Posts Tagged ‘culture’

Bluegrass Pioneer Ralph Stanley Hospitalized After Bad Fall

Ralph Stanley is in the hospital this week, recovering from a fractured pelvis sustained in a fall on September 26th. The 88-year-old bluegrass legend is expected to make a full recovery, although the injury has already forced him to cancel a pair of upcoming shows, including an appearance at San Francisco’s Hardly Strictly Bluegrass Festival.  Hear All-Star Bluegrass Trio’s Debut Song With Ralph Stanley Rumors that Stanley broke his hip were dispelled by a Wednesday afternoon post on Stanley’s Facebook page , which identified the injury as a small pelvic fracture. He’s expected to return to the concert circuit soon, with an October 18th show at Austin’s Paramount Theatre serving as his first gig since the fall.  The oldest living member of the Grand Ole Opry, Stanley is one of bluegrass music’s architects, as well as a member of pioneering groups the Clinch Mountain Boys and the Stanley Brothers. Related Inside the Bluegrass Civil War Earls of Leicester Win Big at Bluegrass Awards Ralph Stanley on His All-Star Album With Robert Plant

Watch Strokes, the Weeknd, Gary Clark Jr. on Austin City Limits Livestream

Austin City Limits will help bring the 2015 festival season to a close this weekend with a packed lineup  featuring the Strokes, the Weeknd, A$AP Rocky, Run the Jewels and many more. For those who can’t make it to Austin, ACL and Red Bull TV have teamed up for a livestream that will broadcast a number of high-profile sets from today through Sunday, October 4th. (Respective Friday and Saturday headliners Foo Fighters and Drake will not appear on the livestream.)   The livestream kicks off today at 2 p.m. CT. Atmospheric L.A. quartet Talk in Tongues and Austin country vets Asleep at the Wheel will be the first groups to appear on the broadcast, starting at 3:15 p.m. Turning up on the stream throughout the weekend are a number of big acts including fun.’s Nate Ruess (Friday at 5 p.m.), Gary Clark Jr. (Friday at 9:15 p.m.), Run the Jewels (Friday at 10:15 p.m.), Father John Misty (Saturday at 5 p.m.), Deadmau5 (Saturday at 9:20 p.m.), A$AP Rocky (Saturday at 9:30 p.m.), the Weeknd (Sunday at 9:3o p.m.), the Strokes (Sunday at 9:45 p.m.) and Dwight Yoakam (Sunday at 10:30 p.m.). Foo Fighters, Drake, the Strokes to Headline ACL Fest In addition to the performances, the livestream’s three channels will also feature interviews with performers, behind-the-scenes access and other highlights from the festival. See here  for a full broadcast schedule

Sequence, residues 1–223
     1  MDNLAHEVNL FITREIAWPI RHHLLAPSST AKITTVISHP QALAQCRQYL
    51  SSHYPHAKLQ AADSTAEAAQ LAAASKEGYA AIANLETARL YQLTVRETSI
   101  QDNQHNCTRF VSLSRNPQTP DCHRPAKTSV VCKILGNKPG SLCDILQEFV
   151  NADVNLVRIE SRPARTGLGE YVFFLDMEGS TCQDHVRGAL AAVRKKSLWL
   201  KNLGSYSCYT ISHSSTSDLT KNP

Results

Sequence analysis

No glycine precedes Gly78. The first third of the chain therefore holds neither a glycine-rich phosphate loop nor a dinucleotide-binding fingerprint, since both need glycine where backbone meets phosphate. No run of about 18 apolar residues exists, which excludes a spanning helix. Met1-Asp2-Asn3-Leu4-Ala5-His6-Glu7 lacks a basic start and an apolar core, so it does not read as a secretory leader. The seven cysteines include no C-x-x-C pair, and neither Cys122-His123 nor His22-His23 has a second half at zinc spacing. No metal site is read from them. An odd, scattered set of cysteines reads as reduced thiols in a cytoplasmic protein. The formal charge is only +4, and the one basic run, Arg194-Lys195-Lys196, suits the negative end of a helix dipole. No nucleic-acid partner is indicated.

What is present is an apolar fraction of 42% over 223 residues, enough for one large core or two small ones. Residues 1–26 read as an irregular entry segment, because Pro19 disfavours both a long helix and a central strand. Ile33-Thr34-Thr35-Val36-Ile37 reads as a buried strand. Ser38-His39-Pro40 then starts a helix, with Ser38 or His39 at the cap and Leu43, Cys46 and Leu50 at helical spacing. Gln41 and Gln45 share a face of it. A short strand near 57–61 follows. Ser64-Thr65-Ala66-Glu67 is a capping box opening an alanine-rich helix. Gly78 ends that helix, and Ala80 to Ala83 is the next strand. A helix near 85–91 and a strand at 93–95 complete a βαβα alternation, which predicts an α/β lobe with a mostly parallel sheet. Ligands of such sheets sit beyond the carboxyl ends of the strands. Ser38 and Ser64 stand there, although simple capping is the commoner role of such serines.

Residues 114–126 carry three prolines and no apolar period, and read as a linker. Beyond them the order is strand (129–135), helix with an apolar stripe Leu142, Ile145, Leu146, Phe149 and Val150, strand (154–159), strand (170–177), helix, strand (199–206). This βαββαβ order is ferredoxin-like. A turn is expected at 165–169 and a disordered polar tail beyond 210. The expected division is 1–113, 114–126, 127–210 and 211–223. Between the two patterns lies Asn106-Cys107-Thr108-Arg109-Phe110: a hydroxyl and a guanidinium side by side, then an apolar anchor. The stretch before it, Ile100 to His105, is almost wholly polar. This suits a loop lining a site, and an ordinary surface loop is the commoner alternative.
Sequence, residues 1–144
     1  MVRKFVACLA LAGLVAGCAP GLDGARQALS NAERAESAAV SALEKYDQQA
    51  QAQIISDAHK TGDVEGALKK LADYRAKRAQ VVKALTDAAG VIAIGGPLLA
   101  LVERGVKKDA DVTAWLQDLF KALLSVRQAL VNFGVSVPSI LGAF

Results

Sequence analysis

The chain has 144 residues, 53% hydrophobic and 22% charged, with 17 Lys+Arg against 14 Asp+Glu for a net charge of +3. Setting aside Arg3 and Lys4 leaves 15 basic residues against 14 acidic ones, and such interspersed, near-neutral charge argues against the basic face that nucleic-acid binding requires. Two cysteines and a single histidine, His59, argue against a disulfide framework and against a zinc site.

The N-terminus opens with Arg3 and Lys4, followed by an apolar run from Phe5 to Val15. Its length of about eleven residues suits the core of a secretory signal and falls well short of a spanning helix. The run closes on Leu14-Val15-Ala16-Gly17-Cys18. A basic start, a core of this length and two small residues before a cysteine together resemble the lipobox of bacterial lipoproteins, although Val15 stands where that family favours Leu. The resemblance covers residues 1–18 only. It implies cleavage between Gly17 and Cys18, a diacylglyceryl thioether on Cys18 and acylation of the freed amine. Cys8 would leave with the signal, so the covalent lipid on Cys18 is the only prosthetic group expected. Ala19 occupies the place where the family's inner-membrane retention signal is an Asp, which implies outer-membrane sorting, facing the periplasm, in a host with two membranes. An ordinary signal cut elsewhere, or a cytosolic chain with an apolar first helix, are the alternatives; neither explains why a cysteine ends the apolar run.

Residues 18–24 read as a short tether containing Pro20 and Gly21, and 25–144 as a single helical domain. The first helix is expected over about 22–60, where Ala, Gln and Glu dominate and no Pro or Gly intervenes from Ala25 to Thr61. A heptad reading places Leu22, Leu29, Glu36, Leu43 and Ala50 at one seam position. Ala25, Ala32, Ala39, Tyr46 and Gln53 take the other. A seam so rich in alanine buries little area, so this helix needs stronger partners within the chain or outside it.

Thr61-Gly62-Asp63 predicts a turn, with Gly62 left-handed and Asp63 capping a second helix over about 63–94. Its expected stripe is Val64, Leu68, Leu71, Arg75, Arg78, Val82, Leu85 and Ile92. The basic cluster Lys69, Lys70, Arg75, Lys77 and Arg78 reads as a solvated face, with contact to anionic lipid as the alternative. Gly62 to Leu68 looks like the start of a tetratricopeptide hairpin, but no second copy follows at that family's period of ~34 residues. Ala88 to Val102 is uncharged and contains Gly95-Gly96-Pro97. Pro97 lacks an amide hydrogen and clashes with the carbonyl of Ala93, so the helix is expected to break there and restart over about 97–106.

Patty Griffin on How Police Shooting, ‘Darkness’ Led to New Album

Patty Griffin’s Servant of Love is out just in time for fall, but its most poignant track looks ahead to winter, holding onto a perfect day when snow melts from the trees. That’s “Made of the Sun,” and it awaits halfway through an album that’s equal parts haunted (“Everything’s Changed”), political (“Good and Gone” is inspired by a 2014 police shooting) and even aggressive (“Gunpowder”). The album follows Silver Bell , which Griffin had recorded in 2000 but remained unreleased until 2013. Rolling Stone Country catches up with the legendary singer-songwriter about making the new LP, overcoming the old one and why she stopped listening to mainstream country music. Robert Plant Joins Patty Griffin Onstage for Benefit Show One of the most thought provoking — and left-of-center — songs on the album is “Good and Gone.” What compelled you to write that? That was inspired by the shooting of John Crawford in a Walmart in Ohio. I was thinking about the young man who made the phone call. [ John Crawford III was an African-American man who was shot by a police officer while holding an unloaded pellet gun he’d picked up from a Walmart shelf

Watch Ronnie Wood Join Rising Folk-Rocker James Bay for Faces Cover

Last month, rising English singer-songwriter James Bay accepted the award for Breakthrough Musician at GQ ‘s Men of the Year event, after a glowing introduction from guitar legend Ronnie Wood. The two musicians built on that camaraderie during Bay’s September 30th show at London’s Brixton Academy – the first of three sold-out gigs – with Wood delivering a scorching guitar solo on a cover of the Faces’ “(You Know) I’m Losing You.”  James Bay: See the English Folk-Rock Sensation Conquer NYC “It’s been a mad few weeks,” Bay tells  Rolling Stone . “Back at the beginning of September, Ronnie presented me with an award (insane moment!) So I was lucky enough to meet and get to hang with him (and Keith [Richards]!) that night. Later on, Ronnie and I got talking, and he’d asked what I was up to, etc. I’d been telling everyone how excited I was about my three nights coming up at Brixton Academy. Next thing I know, all caught up in the moment, the question just jumped out, ‘Would you be up for joining me onstage?’ He said he’d totally be up for it.

Snoop Dogg Slams ‘Sorry as F–k’ Steelers Kicker Josh Scobee